What do we mean when we say “natural skincare products”?
In our view, natural skincare products are those that are gentle to the body, to the earth and to animals. We’ll explain what we mean by that.
Gentle to the body
The average U.S. consumer uses about 10 cosmetic products every day – including makeup, soap, shampoo, lotion, hair gel and cologne – and exposes himself or herself to 126 different chemicals daily.
The skin allows some of the substances put on it to enter the bloodstream – including potentially cancer-causing substances, explains Scientific American. And we need to be even more cautious with infants and children. Little ones’ skin is relatively more permeable than adults.
That’s why products that claim to be natural should contain few, if any, processed or synthetic ingredients – such as artificial color or fragrance, propylene glycol, petroleum, mineral oil, sulfates or animal-based compounds – to minimize chemical exposure.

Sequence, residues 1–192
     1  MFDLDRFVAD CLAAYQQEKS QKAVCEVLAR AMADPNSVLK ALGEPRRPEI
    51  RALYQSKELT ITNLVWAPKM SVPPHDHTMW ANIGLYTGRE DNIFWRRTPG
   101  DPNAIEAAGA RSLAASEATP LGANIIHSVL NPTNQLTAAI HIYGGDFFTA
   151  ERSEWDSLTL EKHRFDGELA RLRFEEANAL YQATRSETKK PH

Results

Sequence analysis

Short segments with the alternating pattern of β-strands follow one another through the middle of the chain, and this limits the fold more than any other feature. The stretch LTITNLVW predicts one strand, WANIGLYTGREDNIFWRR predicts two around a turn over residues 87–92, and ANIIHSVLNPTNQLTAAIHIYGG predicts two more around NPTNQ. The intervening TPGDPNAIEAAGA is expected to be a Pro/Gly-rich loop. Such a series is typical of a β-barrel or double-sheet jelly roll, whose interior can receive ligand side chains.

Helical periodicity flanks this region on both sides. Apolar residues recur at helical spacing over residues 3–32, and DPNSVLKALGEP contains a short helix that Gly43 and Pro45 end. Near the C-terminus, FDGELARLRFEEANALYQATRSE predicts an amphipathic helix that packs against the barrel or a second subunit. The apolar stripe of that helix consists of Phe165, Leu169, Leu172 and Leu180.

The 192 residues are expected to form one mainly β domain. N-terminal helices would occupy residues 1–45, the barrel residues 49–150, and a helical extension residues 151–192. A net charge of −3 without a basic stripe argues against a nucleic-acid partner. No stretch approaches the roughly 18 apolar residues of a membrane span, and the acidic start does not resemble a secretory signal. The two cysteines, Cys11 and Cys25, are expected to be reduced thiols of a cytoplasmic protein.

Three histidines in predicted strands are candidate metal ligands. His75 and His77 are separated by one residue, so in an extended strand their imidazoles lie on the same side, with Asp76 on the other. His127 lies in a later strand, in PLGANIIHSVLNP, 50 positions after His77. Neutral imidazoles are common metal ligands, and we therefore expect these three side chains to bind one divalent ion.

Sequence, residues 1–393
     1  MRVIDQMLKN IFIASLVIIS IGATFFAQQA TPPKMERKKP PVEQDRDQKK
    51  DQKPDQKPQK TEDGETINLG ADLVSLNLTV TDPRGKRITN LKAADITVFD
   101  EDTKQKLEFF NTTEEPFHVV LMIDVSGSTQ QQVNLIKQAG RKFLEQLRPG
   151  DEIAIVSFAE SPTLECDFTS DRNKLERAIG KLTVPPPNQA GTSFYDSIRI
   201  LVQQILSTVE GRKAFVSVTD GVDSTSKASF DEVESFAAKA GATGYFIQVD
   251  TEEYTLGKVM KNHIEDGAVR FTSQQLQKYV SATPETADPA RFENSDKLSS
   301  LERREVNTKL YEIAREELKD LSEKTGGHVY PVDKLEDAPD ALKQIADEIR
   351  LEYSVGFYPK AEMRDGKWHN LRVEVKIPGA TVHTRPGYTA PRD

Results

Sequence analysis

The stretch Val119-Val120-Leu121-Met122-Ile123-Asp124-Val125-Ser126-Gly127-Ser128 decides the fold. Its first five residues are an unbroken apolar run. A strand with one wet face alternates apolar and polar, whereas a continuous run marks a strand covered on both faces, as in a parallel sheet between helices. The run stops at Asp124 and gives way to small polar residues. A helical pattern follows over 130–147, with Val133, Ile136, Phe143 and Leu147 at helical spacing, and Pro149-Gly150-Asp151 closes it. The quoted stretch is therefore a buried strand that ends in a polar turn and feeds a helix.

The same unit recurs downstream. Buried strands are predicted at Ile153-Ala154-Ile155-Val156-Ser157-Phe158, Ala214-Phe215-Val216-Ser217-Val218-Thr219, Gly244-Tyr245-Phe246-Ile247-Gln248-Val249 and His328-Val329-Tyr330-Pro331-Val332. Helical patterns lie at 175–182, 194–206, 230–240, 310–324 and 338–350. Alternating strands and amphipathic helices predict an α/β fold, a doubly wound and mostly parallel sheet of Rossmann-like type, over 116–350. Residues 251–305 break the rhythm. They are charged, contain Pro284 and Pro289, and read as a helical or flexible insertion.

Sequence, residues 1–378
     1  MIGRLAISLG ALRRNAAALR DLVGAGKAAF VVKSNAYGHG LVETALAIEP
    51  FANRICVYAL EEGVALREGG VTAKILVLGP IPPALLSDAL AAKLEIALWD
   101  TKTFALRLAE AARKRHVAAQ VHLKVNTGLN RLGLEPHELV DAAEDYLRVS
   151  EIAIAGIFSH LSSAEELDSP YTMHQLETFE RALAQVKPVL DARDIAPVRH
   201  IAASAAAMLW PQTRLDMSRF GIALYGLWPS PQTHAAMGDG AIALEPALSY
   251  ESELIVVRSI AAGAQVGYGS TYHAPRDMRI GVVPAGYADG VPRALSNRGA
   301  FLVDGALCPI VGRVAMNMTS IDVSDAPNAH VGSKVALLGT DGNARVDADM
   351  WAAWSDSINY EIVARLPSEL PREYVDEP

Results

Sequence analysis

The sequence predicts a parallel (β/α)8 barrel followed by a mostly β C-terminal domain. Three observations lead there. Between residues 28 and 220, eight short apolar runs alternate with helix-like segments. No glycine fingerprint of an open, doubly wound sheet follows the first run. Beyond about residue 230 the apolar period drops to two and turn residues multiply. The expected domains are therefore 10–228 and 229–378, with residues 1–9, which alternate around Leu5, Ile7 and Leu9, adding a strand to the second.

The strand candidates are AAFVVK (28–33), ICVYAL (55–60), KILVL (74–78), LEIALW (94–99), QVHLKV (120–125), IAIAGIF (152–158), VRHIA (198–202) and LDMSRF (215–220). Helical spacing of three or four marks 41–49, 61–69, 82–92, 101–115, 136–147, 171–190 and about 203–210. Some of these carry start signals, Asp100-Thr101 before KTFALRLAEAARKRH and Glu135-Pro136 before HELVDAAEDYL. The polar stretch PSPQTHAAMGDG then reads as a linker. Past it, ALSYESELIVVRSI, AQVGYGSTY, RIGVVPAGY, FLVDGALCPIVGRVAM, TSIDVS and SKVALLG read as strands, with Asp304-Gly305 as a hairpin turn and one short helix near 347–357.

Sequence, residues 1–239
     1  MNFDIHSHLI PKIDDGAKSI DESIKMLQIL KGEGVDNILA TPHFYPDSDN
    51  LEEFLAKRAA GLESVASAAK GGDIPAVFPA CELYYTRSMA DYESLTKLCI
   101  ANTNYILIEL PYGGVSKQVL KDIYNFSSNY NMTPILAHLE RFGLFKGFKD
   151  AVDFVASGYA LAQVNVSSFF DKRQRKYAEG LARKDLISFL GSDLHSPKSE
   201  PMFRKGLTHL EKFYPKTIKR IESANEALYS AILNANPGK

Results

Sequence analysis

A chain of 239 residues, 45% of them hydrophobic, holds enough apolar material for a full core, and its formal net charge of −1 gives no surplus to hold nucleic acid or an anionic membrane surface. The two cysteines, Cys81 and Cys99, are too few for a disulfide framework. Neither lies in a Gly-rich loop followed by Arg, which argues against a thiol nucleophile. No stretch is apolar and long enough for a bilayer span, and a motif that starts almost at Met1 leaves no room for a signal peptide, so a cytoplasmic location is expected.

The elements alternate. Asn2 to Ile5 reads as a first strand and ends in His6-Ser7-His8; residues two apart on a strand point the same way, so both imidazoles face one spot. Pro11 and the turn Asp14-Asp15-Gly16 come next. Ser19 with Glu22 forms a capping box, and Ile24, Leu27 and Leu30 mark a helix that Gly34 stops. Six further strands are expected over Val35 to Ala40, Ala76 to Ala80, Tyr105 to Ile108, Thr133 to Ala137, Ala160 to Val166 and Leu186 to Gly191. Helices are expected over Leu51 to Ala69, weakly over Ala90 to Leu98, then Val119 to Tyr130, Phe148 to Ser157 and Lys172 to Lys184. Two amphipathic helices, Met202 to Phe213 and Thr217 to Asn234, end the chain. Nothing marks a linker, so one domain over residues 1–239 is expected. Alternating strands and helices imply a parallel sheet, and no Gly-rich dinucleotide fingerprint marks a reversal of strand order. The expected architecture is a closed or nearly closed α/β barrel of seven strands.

You’ll often see the terms “paraben-free” and “phthalate-free” on the label. Phthalates are used in products like nail polish, deodorant and more that have been linked to birth defects in the male reproductive system.
Parabens are preservatives used to extend the shelf life in many skincare products. Because they mimic the hormone estrogen, parabens have been linked to breast cancer and reproductive issues. Like many other skincare ingredients, they simply aren’t necessary. Most skincare products lose much of their potency within 12 months anyway, according to Skin Inc.
Gentle to the earth
We rinse many chemicals and by-products down the drain each day, including nanoparticles. Found in sunscreens and other products, nanoparticles “find their way into the main water source of lakes, streams and rivers, where they possibly disturb the micro ecosystem that maintains the marine environment,” according to mySkin.com.
Natural skincare products are made from plant, flower and sea extracts. These biodegradable, renewable ingredients have a minimal environmental impact.
Not harmful to animals
Companies can claim “no animal testing” if they didn’t test their products on animals, without having checked to see if suppliers did. But “many more conscientious organizations, manufacturers, spa owners, and consumers have established cruelty-free policies and have taken a stand against unnecessary testing,” Care2.com reports.
Natural ingredients don’t have to be tested on animals, as they have time-tested healing properties – and they’re gentle enough to be tested on humans in the first place.
Image: D Sharon Pruitt / Flickr